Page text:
Argentina’s Supreme Court ruled Tuesday that the government has a responsibility to prevent media companies from growing so large that they dominate public discourse, upholding a law that could demolish the nation’s largest media group, a leading opponent of President Cristina Fernandez. The approval of a 2009 law aiming to reshape Argentina’s broadcast media industry is a huge victory for the Fernandez government, which has campaigned for years to weaken Grupo Clarin. The group will now have to sell off many of the lucrative cable TV licenses that give it nationwide reach and provide the income that funds Clarin’s other properties.
“As ideas and information represent goods that are distributed through the media, if there is concentration, only some ideas or some information will reach the public, seriously harming public debate and the plurality of opinions,” the court said. “All of this demands the active protection of the State.”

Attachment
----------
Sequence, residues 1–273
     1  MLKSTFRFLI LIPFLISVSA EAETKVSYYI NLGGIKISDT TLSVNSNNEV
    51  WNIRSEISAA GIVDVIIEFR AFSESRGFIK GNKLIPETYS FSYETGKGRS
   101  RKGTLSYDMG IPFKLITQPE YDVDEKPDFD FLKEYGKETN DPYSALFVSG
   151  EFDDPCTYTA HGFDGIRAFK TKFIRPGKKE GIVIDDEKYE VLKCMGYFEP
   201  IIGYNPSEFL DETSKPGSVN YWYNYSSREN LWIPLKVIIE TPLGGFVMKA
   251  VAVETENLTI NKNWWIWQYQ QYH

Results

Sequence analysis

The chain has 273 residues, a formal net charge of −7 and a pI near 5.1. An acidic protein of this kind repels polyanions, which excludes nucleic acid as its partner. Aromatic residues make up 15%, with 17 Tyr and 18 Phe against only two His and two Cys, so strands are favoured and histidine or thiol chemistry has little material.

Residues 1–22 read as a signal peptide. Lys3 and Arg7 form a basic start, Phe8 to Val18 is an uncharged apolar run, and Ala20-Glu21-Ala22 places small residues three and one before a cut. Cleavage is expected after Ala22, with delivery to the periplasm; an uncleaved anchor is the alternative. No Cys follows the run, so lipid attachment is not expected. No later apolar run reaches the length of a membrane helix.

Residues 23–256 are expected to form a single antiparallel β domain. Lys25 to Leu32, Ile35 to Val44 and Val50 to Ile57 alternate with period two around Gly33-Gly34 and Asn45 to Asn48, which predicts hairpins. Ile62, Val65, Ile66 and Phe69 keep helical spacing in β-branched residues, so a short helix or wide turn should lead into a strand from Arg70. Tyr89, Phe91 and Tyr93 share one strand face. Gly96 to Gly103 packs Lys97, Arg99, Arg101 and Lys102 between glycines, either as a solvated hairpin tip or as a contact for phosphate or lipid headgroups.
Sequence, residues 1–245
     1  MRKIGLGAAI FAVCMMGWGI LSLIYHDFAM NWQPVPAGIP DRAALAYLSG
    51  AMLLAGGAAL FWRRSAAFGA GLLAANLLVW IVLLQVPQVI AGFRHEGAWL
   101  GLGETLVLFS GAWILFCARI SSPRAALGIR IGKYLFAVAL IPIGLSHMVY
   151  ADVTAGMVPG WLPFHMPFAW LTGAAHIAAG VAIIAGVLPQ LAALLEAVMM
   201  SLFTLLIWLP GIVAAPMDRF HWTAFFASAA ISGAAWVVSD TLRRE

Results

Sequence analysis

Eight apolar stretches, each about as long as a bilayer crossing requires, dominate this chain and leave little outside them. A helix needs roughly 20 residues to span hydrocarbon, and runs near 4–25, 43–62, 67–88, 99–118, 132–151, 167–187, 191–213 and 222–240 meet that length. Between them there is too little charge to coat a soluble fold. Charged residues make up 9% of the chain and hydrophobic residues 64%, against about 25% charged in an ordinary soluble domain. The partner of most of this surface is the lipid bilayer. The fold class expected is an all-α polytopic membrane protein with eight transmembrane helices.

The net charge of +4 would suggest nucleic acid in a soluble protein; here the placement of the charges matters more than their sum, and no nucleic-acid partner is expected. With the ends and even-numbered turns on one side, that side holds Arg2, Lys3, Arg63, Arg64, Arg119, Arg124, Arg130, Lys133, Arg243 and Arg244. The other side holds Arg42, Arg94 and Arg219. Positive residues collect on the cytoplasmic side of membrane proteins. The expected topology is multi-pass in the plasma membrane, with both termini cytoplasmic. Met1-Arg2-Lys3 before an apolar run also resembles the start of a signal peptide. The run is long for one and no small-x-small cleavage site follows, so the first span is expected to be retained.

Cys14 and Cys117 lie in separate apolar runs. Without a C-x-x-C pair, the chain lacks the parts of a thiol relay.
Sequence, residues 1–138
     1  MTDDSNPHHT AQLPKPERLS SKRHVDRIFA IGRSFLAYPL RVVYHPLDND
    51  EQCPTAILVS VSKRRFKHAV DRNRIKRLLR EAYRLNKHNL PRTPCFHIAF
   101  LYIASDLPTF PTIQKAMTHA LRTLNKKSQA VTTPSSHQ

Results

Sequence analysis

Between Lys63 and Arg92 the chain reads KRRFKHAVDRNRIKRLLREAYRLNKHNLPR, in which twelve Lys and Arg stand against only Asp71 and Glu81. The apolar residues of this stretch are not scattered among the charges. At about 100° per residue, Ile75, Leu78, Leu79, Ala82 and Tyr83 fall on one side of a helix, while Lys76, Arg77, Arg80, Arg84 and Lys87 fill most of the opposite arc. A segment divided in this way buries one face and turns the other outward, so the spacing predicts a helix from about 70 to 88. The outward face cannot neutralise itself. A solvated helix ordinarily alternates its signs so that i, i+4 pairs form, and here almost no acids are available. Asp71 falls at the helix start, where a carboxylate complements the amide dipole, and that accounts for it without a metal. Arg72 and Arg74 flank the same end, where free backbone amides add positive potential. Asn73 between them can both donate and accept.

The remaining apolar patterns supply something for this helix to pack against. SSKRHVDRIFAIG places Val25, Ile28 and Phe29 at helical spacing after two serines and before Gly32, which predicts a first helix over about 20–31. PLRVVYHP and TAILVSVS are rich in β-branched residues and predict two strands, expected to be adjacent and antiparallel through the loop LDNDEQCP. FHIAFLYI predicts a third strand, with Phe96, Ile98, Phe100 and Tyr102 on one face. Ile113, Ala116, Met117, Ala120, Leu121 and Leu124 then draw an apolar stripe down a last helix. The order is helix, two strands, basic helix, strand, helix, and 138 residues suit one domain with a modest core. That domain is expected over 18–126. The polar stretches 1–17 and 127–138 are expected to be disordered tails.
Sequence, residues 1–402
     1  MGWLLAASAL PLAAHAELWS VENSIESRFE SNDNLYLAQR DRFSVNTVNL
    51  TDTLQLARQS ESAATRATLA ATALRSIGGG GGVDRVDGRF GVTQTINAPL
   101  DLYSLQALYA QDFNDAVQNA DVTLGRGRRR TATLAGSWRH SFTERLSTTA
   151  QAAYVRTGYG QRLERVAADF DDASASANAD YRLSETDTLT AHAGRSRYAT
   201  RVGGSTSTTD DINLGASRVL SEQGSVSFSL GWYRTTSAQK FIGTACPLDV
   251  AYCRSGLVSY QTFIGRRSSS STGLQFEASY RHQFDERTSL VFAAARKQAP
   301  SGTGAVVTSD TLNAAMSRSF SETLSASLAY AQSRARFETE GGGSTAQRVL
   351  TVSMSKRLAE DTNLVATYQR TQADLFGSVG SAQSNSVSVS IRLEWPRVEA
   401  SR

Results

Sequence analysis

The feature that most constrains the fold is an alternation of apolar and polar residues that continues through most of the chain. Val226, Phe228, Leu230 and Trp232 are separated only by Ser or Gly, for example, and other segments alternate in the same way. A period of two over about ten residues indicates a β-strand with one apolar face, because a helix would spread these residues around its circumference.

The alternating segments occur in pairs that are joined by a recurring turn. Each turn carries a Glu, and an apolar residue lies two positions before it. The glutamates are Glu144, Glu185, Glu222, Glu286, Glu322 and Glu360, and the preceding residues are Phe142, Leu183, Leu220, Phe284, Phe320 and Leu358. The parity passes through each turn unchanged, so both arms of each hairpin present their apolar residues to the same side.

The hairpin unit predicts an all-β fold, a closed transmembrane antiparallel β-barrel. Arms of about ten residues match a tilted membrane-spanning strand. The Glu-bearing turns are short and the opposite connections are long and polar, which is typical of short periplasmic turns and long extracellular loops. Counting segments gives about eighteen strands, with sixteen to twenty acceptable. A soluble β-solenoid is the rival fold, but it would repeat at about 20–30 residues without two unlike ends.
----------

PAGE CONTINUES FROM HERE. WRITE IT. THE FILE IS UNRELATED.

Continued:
Grupo Clarin is one of Latin America’s largest media companies, with interests in newspapers, magazines, a nationwide cable television network and broadcast TV and radio stations. The Buenos Aires stock exchange suspended trading in the company’s shares after they dropped nearly 6 percent due to the ruling.